Many of you already know that I had the blessing of studying in Rome for five years. While I was there, I attended the North American College, the seminary for American seminarians studying in the Eternal City. The “NAC,” as we affectionately called it, was perched atop the Janiculum Hill, which with the Vatican Hill, sits just on the other side of the Tiber River from Rome’s city center. [You’ll notice, by the way, if you’ve ever get to Rome, that the Vatican “Hill” doesn’t seem to be very hilly anymore; that’s because for the construction of the current St. Peter’s Basilica, the hill was razed!] The placement of the NAC is honestly ideal, as from the rooftop terrace, you can see the entire Vatican City and the whole of the ancient city of Rome laid out before you!

Atop the highest wall of the North American College—outside the infirmary located on the sixth floor (just next to where you stand to take in what is arguably the best view of St. Peter’s Basilica in Rome)—is scrawled a curious little Latin phrase: O Roma felix quae duorum principum es consecrata glorioso sangue. I remember the first time I stopped to actually read it and to try my hand at translating it (which is always an iffy experiment). When I realized what it said, it gave me goosebumps. There, where few can see it except those who come and take in this beautiful panorama of Rome, is written: “O Happy Rome, you who have been consecrated by the glorious blood of the two princes!”

The two “princes” refer to the two princes of the Apostles, namely St. Peter and St. Paul, and the blood which is referenced is the blood of their martyrdom. Rome was the location of both influential saints’ deaths. St. Peter—the first pope and leader of the merry band of Apostles—died in AD 64 during the reign of Emperor Nero and was subsequently buried in a necropolis just outside of the circus where his upside-down crucifixion took place. That site is now the site of the current St. Peter’s Basilica. St. Paul—the author of a significant portion of the New Testament and fierce early propagator of the faith—likely died around the same time, also as a martyr for the faith, beheaded just off the Via Laurentina. Over the mortal remains of St. Paul was built another great basilica: St. Paul Outside the Walls (so named because it is located outside the ancient walls of Rome).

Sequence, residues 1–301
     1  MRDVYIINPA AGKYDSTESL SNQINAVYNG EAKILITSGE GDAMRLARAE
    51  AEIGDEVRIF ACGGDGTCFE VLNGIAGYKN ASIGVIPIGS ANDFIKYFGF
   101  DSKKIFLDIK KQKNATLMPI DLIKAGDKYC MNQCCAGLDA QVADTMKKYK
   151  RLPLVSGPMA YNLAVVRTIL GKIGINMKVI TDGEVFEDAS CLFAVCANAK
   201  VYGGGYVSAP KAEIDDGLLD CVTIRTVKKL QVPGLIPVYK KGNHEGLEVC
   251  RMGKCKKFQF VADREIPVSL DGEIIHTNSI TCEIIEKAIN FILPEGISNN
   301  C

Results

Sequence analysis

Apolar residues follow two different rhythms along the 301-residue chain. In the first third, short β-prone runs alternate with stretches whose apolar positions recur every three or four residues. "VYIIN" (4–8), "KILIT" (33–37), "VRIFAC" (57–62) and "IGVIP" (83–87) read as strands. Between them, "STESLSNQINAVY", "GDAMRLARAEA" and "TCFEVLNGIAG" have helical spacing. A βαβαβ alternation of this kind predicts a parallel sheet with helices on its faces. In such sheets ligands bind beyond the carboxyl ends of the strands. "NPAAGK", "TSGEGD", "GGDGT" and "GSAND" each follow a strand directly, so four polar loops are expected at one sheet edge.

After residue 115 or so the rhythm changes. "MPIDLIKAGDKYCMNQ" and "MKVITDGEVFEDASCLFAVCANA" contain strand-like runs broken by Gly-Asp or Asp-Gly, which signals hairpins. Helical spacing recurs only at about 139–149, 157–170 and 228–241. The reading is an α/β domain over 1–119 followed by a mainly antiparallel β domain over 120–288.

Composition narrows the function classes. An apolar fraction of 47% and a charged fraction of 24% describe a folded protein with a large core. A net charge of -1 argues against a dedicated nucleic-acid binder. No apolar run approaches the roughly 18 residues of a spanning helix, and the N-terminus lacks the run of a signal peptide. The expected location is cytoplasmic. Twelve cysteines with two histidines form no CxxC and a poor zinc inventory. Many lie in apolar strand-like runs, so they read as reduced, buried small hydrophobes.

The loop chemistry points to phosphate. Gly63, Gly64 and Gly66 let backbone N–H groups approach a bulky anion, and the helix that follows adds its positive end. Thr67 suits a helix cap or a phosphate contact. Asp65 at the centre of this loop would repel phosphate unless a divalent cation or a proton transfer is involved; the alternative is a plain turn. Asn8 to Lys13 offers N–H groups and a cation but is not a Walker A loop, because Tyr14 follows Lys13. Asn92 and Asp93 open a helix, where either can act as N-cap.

It is often said that the seed of the Church is the blood of the martyrs, by which of course is meant that the Church is built on the faith that the martyrs professed. While it may sound morbid to call Rome “happy” for its being witness to the death of these two great saints, there is a certain blessedness that the Eternal City and our Church enjoys for the fact that it bears the testimony of St. Peter and St. Paul.

On June 29, the Church celebrates the Solemnity of Saints Peter and Paul, a day which is meant to commemorate the martyrdom of both of these great saints. Since the early third century, their deaths have been celebrated in one feast, though both saints are also celebrated separately (the Conversion of St. Paul is on 25 January and the Chair of St. Peter is on 22 February). In remembering Ss. Peter and Paul, may we be reminded that our Church is indeed built on the testimony of these martyrs, and that the Church has always thrived in the midst of persecution. May we remember that our mission, like theirs, is to spread the Good News in the midst of a hostile world.

St. Peter and St. Paul, princes of the Apostles, watch over our Church and guide us through your intercession, that we may carry the message of Christ’s life as you did, truly, to the ends of the world!

Keep spreading joy!

Fr. Friedel

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